Baker's Oven

Reckoning, not revenge

ALL EYES ON THE PUNISHER: I’ve always liked anyone who takes on the underbelly of society all by their lonesome. Perhaps that’s why revenge and reckoning factor into my fiction writing.

One of the recurring themes in my fiction writing is that of vindication.

I find it’s one of the most subconsciously accepted elements in our society. Why else would antiheroes like Batman or the Punisher be popular?

There’s a deep-seeded, self-righteous need to have those with lesser morals be dispatched from our realm of life. But no one ever wants to admit that in the public sphere. That would be condoning the death penalty.

Perhaps the yen for reckoning, not revenge, in my writing is due to being bullied from grades 5 to 9. I escaped into writing, and offed those who were causing me grief in the pages.

I would have several notebooks where I would write stories. And those who picked on me in school would meet an untimely, painful demise in the pages of said notebooks. I remember the titles that I had for two novellas: Death Challenge and Death Beyond Criticism.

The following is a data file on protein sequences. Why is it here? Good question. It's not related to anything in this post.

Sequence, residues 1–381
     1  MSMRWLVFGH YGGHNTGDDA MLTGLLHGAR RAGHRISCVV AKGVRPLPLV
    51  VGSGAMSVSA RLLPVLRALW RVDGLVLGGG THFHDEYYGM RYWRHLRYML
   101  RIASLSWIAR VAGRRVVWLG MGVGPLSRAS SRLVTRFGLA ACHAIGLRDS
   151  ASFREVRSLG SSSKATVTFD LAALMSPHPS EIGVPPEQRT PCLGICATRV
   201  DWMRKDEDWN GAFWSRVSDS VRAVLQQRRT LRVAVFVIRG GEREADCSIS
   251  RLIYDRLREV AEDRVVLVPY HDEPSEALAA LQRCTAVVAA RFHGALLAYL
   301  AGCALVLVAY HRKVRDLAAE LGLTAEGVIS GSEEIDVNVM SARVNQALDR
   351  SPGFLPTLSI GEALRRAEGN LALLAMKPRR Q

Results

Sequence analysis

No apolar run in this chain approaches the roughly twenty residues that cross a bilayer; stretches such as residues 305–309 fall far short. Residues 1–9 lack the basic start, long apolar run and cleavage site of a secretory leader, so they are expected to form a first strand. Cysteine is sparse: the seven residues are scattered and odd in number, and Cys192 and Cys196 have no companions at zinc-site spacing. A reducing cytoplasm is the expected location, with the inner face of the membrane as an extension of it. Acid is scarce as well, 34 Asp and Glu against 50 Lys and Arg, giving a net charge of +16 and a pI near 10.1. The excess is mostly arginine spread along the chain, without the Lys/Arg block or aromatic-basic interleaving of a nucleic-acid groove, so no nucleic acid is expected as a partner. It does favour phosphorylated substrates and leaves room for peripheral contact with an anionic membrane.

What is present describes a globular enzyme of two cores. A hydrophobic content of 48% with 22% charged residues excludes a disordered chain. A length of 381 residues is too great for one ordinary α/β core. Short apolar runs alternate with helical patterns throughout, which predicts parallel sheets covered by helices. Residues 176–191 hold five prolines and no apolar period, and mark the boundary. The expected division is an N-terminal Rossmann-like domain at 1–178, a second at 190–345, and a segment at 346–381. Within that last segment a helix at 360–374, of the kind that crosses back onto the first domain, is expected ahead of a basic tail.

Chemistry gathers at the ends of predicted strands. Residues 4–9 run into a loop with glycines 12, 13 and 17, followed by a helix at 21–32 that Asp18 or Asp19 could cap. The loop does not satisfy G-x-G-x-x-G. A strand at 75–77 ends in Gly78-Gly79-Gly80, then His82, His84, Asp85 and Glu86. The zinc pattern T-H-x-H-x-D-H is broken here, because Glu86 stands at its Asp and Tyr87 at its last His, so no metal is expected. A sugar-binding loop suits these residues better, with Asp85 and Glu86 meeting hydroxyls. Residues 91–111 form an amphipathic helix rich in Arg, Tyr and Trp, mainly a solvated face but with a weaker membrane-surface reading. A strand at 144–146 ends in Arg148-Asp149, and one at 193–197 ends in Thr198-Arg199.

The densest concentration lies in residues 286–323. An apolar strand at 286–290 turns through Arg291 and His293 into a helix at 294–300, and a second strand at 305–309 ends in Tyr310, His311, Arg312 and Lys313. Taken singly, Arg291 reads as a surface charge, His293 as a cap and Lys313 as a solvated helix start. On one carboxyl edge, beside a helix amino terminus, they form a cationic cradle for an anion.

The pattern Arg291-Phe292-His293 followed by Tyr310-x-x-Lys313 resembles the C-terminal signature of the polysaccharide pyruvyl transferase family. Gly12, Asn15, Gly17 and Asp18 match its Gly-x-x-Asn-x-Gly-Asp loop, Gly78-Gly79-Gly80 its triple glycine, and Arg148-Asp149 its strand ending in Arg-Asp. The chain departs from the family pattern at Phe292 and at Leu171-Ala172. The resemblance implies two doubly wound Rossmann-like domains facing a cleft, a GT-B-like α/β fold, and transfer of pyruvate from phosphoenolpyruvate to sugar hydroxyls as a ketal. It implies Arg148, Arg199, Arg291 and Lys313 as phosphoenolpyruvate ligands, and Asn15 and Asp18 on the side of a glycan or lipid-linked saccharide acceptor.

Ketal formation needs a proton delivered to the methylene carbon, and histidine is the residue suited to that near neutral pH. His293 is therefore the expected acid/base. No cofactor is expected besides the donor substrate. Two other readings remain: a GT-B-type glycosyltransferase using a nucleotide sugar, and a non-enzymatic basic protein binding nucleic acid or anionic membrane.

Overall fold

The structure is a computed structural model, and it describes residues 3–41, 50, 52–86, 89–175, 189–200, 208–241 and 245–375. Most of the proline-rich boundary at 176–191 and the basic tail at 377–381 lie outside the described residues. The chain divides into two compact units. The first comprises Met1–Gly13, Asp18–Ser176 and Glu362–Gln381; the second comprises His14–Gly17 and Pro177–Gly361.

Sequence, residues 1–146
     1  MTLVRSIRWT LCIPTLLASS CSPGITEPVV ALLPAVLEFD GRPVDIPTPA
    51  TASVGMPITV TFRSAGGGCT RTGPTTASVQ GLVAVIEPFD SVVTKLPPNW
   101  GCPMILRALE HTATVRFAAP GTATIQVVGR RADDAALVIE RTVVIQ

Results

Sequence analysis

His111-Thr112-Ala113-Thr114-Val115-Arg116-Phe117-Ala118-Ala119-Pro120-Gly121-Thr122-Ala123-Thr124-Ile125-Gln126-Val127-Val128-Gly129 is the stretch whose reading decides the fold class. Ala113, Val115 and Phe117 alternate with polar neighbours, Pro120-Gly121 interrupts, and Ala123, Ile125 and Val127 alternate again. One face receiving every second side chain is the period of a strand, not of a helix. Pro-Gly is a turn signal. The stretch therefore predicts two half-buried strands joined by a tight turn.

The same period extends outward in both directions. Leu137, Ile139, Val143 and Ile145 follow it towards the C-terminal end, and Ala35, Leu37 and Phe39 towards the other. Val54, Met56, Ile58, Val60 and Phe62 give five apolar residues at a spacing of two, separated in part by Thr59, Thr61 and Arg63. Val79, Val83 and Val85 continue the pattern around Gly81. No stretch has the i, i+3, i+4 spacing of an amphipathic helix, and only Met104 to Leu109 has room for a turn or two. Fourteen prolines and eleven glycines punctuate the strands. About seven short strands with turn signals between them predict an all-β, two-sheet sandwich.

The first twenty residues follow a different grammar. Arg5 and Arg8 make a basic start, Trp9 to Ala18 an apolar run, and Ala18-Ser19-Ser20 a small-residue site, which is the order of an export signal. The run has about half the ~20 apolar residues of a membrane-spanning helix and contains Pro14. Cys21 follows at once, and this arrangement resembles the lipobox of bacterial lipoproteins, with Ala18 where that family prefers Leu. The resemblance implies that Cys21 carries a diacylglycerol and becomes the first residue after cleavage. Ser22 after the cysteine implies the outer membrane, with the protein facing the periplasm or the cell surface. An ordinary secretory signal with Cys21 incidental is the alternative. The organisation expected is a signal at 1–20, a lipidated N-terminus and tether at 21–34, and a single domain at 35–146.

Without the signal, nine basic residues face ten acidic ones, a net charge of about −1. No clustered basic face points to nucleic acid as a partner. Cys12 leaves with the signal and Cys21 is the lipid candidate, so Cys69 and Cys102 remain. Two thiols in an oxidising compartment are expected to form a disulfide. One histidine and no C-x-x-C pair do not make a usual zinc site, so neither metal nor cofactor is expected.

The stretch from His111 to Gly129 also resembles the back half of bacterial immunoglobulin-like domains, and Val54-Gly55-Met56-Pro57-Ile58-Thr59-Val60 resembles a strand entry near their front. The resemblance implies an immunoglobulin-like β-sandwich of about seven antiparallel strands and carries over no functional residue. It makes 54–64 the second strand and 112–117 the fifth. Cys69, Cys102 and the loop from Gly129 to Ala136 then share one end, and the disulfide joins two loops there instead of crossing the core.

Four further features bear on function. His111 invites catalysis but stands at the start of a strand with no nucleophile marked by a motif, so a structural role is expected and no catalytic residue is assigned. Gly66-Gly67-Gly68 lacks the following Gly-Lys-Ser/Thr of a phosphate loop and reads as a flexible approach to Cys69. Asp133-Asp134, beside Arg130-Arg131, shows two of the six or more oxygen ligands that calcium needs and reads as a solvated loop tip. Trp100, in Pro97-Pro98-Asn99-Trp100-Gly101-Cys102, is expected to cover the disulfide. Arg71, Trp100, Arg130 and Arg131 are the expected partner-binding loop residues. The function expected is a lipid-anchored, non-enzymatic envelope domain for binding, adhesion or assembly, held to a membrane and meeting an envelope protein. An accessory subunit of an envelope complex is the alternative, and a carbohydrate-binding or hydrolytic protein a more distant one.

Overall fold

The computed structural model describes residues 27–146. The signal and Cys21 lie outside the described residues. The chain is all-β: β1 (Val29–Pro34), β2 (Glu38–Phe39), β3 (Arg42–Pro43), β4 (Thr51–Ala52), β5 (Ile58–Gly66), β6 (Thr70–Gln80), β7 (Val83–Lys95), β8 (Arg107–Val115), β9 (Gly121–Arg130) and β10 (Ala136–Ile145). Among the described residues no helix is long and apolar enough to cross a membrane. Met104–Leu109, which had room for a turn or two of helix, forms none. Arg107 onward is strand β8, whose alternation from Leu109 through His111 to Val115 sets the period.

I’m not sure what an over-sensitive teacher would do if they came across my writing back when I was a tween, but I’d have some serious explaining to do.

Seriously though, it was innocuous. It was my way to release, and now I want to return to that release: writing fiction and using my greatest asset, my imagination.

Back in those days, I literally put pen to paper. A month ago I purchased a notebook from Indigo for the sole purpose of writing manually again. And so begins my reconstruction of a character I had as a kid, and evolving it into a more mature, modernized version.

The idea is there. The story is there. I just have to draw it out and dedicate time to writing fiction. I need to push out the words, critiques of others aside and just write.

I’m not sure what the excessive use of the revenge/reckoning themes will do, but catharsis is the end result.

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